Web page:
The record theme: the group hears music throughout, but at some points, as the volume increases, the sound skips like a needle skipping on a record. The map-making brother states at one point that the landscape is a spiral and that they were heading toward an epicenter. This is not unlike a vinyl record; in this case the landscape reflects the grooves on such a record. It seems to me that if we visualize the group walking across a giant vinyl record with a needle on it, the music would get louder as they approach the needle, and if they interrupt the needle (like a piece of dust might do on the surface of a record), the sound will skip. So it’s almost as if they were working their way toward the center of a giant record on a player. Another suggestion of the vinyl metaphor: just before the insane leg scene, map making brother keeps asking his sis “is it scratched” — a big concern with vinyl records. When a record gets scratched, it is never the same — following this critical turning point in the film, no one in the group is the same.

    The hat: my guess is that the hat is what drove map making brother insane ahead of the others. It’s clear that some kind of spirits exist in the forest, some of them likely those of the townsfolk. So the hat could act as a conduit, or an express route to insanity.

    The gloved hand dragging the body away: correct me if I’m wrong, but isn’t the red coat and white gloves the uniform that the flying monkeys wear in Wizard of Oz? If so, this suggests that the malicious spirits in the forest (maybe a wicked witch?) playing the music were some kind of siren song, created in order to draw the townsfolk in and devour their souls (or whatever malicious spirits do). Since Wizard of Oz was an town-wide obsession, the malicious spirit figured that embodying the music and characters from WOO would be the best bait to get everyone up there. The townsfolk probably thought they had found their path to the Emerald City when the heard the music, and they made a beeline for it. Unfortunately it was just a ruse by the witch.

    There is also a possibility that everyone was having a group hallucination based on consuming berries, and everything was imagined, much like Dorothy wakes up at the end of Wizard of Oz only to discover it was all a dream. The hallucination theory is also similar to Alice in Wonderland, to which I think some of YellowBrickRoad’s themes owe to.

    Would love to hear other interpretations of this. Anyone agree or disagree?

  13. This review was quite compelling in it’s attempt to help explain this movie, but I think ‘OohMamma says…’ in-depth comment above actually hit the mark for me and ties up a lot of my questions about this movie very nicely, to the point where I can now say that “Yes, I enjoyed the movie”. I try to keep an open mind with this kind of story telling and have no issue with open-ended endings (even artsy ones), but I have to say that I think this ending was just badly managed (hence my need to have to seek an answer here to what certain parts of the movie and in particular, its ending, was supposed to say).

  14. Just watched this film, and really appreciate the in-depth review and the discussion. It’s definitely a film that could provoke much thought and discussion. Very well written. To some of OohMamma’s points: Absolutely love the vinyl record analogy! Totally agree on the hat, although I would add that either the environment or maybe even the hat was affecting her too. It seemed to me that she was reacting to some of the things he did a bit too strongly, although that could be a brother/sister relationship that that just got magnified. The gloved hand I think was the theater guy. He was wearing the white gloves and a red jacket as part of his uniform. However, he could definitely be the “flying monkey”. :-) The group hallucination from berries is plausible, but I don’t think it fits in with the narrative. Great thoughts all around though!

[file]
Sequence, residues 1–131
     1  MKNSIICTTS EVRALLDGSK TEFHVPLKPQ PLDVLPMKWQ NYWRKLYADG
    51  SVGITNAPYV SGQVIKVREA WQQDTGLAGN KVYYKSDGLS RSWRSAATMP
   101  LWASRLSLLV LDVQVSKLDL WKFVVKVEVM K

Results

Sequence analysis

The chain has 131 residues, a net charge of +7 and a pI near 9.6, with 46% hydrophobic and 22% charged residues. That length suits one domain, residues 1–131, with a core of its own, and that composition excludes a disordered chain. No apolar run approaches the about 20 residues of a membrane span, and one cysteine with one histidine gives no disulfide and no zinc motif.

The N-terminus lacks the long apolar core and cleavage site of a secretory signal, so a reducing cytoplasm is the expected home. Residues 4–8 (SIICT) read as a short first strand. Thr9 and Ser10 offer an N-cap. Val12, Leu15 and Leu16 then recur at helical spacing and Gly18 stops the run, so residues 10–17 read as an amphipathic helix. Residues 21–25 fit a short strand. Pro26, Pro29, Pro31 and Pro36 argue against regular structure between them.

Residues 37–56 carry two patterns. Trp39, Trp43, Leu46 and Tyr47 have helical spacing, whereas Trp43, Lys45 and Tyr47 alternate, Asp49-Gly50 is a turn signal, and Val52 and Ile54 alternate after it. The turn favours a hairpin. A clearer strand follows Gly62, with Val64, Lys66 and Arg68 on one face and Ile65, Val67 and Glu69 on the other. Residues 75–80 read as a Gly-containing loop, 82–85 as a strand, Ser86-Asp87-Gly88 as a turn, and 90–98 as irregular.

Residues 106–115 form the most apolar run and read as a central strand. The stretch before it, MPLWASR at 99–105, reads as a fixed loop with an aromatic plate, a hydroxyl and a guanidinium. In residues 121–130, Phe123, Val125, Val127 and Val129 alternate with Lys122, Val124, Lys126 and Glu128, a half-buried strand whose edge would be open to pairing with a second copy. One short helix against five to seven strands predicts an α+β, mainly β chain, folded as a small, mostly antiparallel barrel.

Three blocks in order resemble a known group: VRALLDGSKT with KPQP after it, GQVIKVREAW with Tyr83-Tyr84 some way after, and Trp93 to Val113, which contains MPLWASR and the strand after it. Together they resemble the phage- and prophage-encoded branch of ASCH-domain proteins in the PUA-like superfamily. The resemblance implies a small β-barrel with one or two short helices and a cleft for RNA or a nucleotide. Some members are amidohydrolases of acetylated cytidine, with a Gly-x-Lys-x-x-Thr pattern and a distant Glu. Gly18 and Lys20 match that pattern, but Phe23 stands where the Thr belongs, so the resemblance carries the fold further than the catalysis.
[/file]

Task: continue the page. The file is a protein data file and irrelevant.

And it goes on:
15. Your review is delightfully great!!! A superb reading of the film. I just wanted to point that regarding your ideas of the ending and it’s meaning, it came to me that the polithycal implications of the films is tied in the main character with the myth of Faust, the longing of the men for knowledge that leads to destruction. A great film!!

  16. A very mediocre movie at best. The acting was suspect, the plot sketchy, the ending vague and overly dramatic. One of those movies that begs the question, “why did i just waste my time watching that!”

  17. This is not a good movie.
    There…said it.

    This is more of a pretentious movie that pretends to have some deep meaning, and wants you to be sent off pondering its deeper meaning, but in reality you spent 1 hour and 35 minutes watching a group of adults wander around some scrub-brush as they randomly and inexplicably fly into random rage at one another over no real provocation.

    There is no real monster or malevolent force reavealed. No one explains how everyone hears this same 40’s music or eardrum shattering feedback at various points, and this is the only real antagonist in the movie other than the other characters who without any sort of motivation choose to murder each other in a couple cases, or get high on ‘nightshade’ berries.

    While there is room for a movie that leaves some intellectual work to the viewer, this movie has no coherent plot or storyline. There is nothing scary in the movie, and after the first hour ticks away and the same pack of people you really do not have any interest in are still wandering the woods while arguing over almost nothing, the only real question that needs to be answered is.. how did their ATV still have fuel after like 10 days during which they have travelled as many as 50 miles a day in some cases..? They would need a fuel tank as big as the ATV itself — this is simply a wannabe pretentious art-house aspiring movie by people who could not create a really fleshed-out plot,
    so they compensated by pretending to have something profound to say if only you can figure out their genius.. Like the ATV which never needs refueling, there really is no rhyme or reason here, its a general CONCEPT not a actual PLOT.